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FRANCIS LANCELOTT, ESQ. Queens of England. Vol.1.


Sir John Froissart's Chronicles of England, France, Spain and the Ajoining Countries from the latter part of the reign of Edward II to the coronation of Henry IV in 12 volumes 

Chronicles of Enguerrand De Monstrelet (Sir John Froissart's Chronicles continuation) in 13 volumes 

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Queens of England. Vol.1.
page 272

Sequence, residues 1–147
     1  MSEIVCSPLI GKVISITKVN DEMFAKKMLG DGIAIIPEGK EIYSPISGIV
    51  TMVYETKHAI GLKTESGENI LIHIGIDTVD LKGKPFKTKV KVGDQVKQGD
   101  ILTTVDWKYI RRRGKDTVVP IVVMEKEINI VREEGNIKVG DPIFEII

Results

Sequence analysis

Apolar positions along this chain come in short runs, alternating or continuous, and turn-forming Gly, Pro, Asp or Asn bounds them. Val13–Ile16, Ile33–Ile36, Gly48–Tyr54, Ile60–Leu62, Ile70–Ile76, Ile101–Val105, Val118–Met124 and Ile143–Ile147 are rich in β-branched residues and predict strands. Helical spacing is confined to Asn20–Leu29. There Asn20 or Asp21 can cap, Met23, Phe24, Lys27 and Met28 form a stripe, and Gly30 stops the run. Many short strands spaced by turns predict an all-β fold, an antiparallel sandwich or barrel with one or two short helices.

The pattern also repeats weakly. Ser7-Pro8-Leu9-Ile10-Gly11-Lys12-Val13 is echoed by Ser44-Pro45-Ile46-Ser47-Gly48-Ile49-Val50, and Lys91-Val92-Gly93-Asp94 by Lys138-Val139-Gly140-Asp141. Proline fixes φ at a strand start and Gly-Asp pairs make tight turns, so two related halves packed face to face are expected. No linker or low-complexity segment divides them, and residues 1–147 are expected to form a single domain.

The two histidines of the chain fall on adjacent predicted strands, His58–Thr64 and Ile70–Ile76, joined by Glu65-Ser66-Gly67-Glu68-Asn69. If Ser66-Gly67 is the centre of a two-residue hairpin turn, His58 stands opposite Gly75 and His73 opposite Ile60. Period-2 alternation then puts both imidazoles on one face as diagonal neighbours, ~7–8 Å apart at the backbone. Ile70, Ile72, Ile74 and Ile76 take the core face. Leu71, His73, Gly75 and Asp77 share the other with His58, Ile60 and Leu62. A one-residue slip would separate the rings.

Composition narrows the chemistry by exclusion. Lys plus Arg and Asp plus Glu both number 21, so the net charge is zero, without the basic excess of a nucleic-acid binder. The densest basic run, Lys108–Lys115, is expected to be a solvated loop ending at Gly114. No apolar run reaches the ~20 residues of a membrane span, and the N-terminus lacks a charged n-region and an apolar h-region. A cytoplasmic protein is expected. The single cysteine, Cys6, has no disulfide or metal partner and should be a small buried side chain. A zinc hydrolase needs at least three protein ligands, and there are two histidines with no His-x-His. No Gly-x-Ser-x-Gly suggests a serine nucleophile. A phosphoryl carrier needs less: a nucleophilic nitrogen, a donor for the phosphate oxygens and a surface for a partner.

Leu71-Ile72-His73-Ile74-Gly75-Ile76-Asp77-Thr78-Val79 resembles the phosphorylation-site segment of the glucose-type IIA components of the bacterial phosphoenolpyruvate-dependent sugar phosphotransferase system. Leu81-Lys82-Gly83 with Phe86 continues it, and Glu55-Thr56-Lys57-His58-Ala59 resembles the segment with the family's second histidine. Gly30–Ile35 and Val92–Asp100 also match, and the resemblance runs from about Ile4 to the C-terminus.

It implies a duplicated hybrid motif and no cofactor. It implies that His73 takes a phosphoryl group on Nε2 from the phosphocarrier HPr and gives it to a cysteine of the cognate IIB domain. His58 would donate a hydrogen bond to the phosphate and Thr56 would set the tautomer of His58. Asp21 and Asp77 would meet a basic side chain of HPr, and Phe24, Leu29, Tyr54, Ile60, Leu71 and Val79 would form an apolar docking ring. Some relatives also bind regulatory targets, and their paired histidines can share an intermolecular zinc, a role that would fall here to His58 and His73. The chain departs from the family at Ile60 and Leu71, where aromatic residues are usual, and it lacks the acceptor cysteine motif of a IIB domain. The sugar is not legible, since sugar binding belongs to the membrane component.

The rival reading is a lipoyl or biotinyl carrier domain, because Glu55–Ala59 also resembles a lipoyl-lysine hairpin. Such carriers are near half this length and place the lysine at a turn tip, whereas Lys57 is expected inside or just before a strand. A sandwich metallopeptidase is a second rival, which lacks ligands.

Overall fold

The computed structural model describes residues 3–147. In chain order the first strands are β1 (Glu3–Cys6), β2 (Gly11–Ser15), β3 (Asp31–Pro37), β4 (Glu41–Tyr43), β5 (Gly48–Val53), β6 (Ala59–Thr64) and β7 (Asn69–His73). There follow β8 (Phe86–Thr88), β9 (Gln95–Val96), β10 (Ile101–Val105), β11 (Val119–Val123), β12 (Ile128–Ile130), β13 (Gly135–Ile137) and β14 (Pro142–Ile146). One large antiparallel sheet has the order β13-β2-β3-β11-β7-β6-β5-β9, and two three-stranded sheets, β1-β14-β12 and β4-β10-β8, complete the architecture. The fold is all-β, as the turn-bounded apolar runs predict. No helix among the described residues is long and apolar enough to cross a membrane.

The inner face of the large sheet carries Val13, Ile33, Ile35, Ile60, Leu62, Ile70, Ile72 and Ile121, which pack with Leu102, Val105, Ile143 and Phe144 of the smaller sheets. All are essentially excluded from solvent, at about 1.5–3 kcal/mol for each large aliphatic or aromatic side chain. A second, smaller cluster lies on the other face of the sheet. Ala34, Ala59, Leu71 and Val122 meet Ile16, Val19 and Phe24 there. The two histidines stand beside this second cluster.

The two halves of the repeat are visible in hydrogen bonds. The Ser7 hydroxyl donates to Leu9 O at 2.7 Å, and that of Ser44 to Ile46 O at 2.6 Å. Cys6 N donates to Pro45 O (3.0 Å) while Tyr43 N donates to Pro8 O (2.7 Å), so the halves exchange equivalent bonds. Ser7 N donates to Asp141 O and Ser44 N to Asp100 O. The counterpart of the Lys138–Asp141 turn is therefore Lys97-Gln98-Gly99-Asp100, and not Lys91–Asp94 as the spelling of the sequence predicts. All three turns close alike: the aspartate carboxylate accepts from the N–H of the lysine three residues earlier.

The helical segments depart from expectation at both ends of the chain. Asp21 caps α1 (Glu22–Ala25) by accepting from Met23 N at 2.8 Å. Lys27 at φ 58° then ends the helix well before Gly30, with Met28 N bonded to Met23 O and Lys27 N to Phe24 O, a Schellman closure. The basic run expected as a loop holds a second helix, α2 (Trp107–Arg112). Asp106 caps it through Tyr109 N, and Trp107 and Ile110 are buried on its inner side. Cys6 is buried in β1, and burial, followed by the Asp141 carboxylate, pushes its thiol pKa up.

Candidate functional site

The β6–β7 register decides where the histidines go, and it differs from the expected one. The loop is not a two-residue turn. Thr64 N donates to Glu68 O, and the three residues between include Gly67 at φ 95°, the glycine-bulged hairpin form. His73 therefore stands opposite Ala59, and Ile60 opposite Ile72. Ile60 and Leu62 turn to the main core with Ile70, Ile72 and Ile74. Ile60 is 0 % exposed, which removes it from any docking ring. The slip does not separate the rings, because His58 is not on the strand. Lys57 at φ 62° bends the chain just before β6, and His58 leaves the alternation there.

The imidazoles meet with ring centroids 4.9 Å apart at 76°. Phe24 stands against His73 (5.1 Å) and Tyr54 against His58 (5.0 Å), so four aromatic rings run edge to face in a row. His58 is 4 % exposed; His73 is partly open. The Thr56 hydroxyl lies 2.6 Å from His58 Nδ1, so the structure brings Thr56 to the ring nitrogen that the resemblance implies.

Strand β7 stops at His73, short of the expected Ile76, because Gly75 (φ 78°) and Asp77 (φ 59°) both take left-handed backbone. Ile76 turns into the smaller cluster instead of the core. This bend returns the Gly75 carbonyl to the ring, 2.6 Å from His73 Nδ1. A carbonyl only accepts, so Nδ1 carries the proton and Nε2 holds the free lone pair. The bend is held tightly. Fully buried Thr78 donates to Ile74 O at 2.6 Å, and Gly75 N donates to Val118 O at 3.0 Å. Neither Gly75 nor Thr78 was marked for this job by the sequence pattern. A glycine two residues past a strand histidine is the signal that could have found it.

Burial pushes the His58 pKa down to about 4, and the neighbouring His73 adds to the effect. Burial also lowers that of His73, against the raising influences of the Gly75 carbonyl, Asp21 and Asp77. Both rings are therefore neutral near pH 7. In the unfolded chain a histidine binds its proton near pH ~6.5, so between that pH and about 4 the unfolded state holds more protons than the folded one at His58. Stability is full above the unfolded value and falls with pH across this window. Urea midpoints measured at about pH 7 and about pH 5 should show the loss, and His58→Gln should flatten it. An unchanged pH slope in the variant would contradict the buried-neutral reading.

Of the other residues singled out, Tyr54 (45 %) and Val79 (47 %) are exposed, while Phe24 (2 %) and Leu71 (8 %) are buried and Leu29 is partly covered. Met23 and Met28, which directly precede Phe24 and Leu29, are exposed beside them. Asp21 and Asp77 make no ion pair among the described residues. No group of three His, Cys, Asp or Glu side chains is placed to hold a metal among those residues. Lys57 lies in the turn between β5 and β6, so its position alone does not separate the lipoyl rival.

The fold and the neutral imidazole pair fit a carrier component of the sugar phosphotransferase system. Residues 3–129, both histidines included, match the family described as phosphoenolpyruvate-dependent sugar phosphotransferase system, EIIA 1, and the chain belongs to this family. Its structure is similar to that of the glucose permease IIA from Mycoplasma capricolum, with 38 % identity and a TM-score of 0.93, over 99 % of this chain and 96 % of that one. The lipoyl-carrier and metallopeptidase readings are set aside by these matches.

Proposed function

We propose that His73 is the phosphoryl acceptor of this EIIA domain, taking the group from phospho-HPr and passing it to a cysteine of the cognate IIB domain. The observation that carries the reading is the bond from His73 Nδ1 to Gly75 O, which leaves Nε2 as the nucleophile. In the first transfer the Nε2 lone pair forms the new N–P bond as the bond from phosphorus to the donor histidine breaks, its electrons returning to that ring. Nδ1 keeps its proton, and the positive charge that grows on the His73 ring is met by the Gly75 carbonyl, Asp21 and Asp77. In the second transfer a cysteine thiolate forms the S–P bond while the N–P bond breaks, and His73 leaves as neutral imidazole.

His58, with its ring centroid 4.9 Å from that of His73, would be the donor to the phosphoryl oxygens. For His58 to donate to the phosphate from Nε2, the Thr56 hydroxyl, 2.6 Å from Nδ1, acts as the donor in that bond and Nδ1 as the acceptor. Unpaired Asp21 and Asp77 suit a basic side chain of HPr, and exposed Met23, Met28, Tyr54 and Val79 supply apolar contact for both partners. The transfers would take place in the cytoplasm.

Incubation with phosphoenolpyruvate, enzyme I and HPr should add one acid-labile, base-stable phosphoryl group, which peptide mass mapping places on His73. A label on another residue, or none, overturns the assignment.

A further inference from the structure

the act of obeying this order, Louis, Duke of liavaria, was overtaken, and the Dauphin, his three brothers, his sisters Michelle and Katherine, together with the children of the Duke of Purgundy, all of whom Louis was carrying off, were brought back to Paris, and shortly afterwards, Katherine was sent to the convent of Poissy, to be educated, and her wicked mother was imprisoned at Tours. Katherine was an inmate of Poissy when négociations were first opened for her marriage to Henry the Fifth, then Prince of Wales. The success of these négociations was prevented by the distracted state of France, the death of Henry the Fourth, King of England, and the animosity subsisting between the two nations. Put although tbe matter rested for a period, Henry had determined to have the beautiful Katherine for his bride. Accordingly, in 1414, after his unconscionable demand from the crown of France had been made and refused, he agreed to relinquish his claim to the sovereignty of that kingdom ; but, as the price of his forbearance, asked for the provinces of Normandy, Maine, Anjou, Aquitaine, and the half of Provence, for the payment of the arrears of the ransom of King John, amounting to one million two hundred thousand crowns, and for the hand of the Princess Katherine in marriage, with a portion of two million crowns, a sum equal to about five million pounds present money. The Duke of Ferri, in the name of the French King, replied, that Aquitaine should be restored, and six hundred thousand crowns given with his daughter, a greater portion than had ever yet been granted with a princess of France. This conciliatory offer was refused with disdain, and the ambitious Henry, eager to wreath his brow with the laurels of a conqueror, summoned his council, and made known his resolution to recover his inheritance and win his bride by the force of arms. An announcement received with joy by the whole nation, as both the nobles and the people cherished a deadly hatred towards France, and had long and anxiously waited for an opportunity to emulate tho chivalrous deeds of their fathers atCressy and Poictiers. Although Henry obtained from the willing parliament the grant of two tenths and two fifteenths, and the barons and the knights, all anxious to win wealth and renown on the plains of France, undertook to furnish troops according to their ability, the expedition was so gigantic, coin so scarce, the times so unsettled, that he was forced to pawn or sell his crown, his jewels, and, in fact, every valuable that could be found in the vaults of the treasury, and in the cupboards and closets of the royal castles, in order to pay his army. Whilst the army and the fleet were being raised, ambassadors proceeded to France, and assured King Charles of Henry's intention to win the provinces and the hand of Katherine, at the point of his sword. *' If," replied the French King, " such is his purpose, tell him that his barbarous mode of courtship will meet from us the punishment it so justly merits," This answer was only such as, under the circumstances, might have been expected ; but the mad young Dauphin added to it an insult, by sending to Henry a present of a cask, which, on being opened, was found to contain nothing but French tennis balls, and an insulting letter, to the effect that he had better play at his favourite game of racket than embark in a war which he had neither the money, prestige, courage, or energy, to bring to a successful issue. "The insolent varlet !" exclaimed Henry, angrily, on reading the Dauphin's letter. " By tho gospels ! I will return the compliment with English ball, such as shall batter to the ground the walls of Paris !" Every preparation was now ready ; the army had assembled at Southampton, and fifteen hundred sail rode in tbe harbour, all ready to convcv the invading host across the channel Put at the very moment of embarkation, the King was alarmed by the intelligence that a conspiracy was hatching, to take his life, and place the young Earl of March upon the throne. An investigation ensued, which resulted in the condemnation of the Earl of Cambridge, Lord Scroop,

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